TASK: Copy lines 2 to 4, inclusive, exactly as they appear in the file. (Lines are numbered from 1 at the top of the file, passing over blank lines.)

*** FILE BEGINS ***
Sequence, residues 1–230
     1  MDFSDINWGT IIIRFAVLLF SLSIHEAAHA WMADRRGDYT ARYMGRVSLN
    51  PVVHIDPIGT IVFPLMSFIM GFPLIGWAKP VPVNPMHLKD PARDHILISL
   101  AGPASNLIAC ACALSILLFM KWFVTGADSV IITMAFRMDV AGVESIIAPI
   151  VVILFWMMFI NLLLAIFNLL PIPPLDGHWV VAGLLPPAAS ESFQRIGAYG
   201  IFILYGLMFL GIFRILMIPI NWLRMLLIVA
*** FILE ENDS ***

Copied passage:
     1  MDFSDINWGT IIIRFAVLLF SLSIHEAAHA WMADRRGDYT ARYMGRVSLN
    51  PVVHIDPIGT IVFPLMSFIM GFPLIGWAKP VPVNPMHLKD PARDHILISL
   101  AGPASNLIAC ACALSILLFM KWFVTGADSV IITMAFRMDV AGVESIIAPI